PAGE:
CANTON, Mich. - A metro Detroit teacher learned a powerful lesson about the life-saving benefit of not just a second opinion - but a third.
As a teacher at Discovery Middle School in Canton, Lynn Walkuski is used to asking and answering a lot of questions. But in 2016 she felt a pulling under her right arm. She knew she had a family history of breast cancer, so now this teacher was the one looking for answers.
"So I went to get a mammogram and they found an image on the mammogram and they said, 'Hmm,' and they did a biopsy and said it was cancer. So I saw a surgeon at this health facility and they said, 'You know, it's nothing. We think it's stage one; we'll schedule you for probably a lumpectomy in two months from now,' and, you know, very rare it would be genetic."
Fifty-five at the time, Lynn was assured this was an easy-to-treat, typical breast cancer. But she questioned that diagnosis.
"This is my health. And, again, I teach science, you know trials - you do three trials, minimally - and I thought I need three minds on this; I need three different opinions. I can't afford for someone to miss something."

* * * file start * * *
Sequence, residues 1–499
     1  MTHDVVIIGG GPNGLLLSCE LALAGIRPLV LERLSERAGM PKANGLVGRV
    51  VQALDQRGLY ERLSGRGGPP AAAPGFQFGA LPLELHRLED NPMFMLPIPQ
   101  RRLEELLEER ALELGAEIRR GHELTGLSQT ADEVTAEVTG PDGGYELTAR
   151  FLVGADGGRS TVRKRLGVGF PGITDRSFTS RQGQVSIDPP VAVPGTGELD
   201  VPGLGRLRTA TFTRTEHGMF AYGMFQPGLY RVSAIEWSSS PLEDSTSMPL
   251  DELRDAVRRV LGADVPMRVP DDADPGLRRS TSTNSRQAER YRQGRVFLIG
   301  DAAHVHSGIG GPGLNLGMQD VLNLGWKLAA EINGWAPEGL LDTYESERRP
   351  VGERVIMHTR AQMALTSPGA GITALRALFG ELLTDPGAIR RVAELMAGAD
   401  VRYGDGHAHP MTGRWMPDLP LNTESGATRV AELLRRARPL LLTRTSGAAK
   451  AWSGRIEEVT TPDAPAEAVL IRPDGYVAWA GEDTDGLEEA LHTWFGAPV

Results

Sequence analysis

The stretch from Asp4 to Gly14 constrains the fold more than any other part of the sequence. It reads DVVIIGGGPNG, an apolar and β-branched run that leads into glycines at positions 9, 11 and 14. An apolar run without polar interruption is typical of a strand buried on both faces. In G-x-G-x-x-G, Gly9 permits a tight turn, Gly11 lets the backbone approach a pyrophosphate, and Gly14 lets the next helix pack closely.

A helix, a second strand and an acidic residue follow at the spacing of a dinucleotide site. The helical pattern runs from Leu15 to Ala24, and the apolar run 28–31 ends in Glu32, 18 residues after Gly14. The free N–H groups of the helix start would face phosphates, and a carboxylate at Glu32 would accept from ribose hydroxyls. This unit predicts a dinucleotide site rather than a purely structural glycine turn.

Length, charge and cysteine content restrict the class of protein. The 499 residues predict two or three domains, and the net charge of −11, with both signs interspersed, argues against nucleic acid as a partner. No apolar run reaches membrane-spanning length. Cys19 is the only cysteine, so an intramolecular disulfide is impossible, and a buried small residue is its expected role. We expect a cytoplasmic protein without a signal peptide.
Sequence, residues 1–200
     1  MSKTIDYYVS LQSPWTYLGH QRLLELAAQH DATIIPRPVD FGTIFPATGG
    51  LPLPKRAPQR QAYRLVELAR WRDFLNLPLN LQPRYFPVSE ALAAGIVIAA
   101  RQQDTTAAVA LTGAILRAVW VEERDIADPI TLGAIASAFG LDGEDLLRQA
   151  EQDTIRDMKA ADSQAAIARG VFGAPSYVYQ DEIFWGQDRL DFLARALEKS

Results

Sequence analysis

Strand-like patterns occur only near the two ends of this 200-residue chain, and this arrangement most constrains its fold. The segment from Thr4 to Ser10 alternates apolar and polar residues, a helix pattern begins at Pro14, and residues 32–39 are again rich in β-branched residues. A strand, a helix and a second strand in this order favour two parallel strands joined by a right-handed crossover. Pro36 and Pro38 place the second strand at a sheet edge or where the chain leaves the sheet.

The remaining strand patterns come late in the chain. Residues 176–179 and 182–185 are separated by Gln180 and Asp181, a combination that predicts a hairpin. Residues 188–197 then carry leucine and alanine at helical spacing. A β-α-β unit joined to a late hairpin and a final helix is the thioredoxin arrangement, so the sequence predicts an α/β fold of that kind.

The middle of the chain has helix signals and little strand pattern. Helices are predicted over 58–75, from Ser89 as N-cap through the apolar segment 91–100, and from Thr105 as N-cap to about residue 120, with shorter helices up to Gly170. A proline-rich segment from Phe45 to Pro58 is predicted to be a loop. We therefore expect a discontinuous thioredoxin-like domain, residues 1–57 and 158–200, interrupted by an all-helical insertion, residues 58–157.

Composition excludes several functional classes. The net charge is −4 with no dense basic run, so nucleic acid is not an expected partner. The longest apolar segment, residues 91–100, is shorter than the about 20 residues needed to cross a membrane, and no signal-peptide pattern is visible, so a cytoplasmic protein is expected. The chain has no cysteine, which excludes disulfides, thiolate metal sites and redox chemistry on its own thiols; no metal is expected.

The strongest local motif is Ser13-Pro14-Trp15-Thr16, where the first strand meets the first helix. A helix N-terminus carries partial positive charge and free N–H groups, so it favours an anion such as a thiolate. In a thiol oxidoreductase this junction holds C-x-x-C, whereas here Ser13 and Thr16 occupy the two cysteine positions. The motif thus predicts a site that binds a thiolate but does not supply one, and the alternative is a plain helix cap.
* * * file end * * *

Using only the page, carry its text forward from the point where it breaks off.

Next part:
"She had a very significant family history for breast cancer so for that reason I was very suspicious that she probably harbored a mutation that put her at higher risk for breast cancer," said Dr. Jessica Bensenhaver, the director of the breast cancer program at Henry Ford.
In fact, in 10 percent of all breast cancers, the cancer can be caused by an inherited gene mutation, known as the BRCA1 or BRCA2.
"The lifetime risk of breast cancer in a BRCA mutation carrier is somewhere around 60-80%, depending on the mutation," Dr. Bensenhaver told us.
She and her team of breast cancer specialists were concerned about cancer and recommended a double mastectomy, a far more aggressive treatment than had been suggested by Lynn's first two doctors.
"That accomplished not only treating the breast cancer she had but it also decreased her chance of getting a second, brand new cancer in either breast in the future," Dr. Bensenhaver said.
"Within three days from the time that she called it, I had a double mastectomy and I was already in the curative state," Lynn said.
Now three years later Lynn is feeling like a survivor. She had reconstructive surgery, and she is so thankful that she was bold enough to ask for not just a second opinion but a third.
"I want to inspire at least one woman not to be afraid to get a second opinion. Because this is what happens: you get a diagnosis and you go, 'Oh my god,' and you just want to get it done fast or you don't want to think about it. Or you think, 'Oh no I'm too stressed to get a second opinion and it will take too long and where do I go?' It's worth taking that extra step, getting a second opinion. And it's easy enough to do."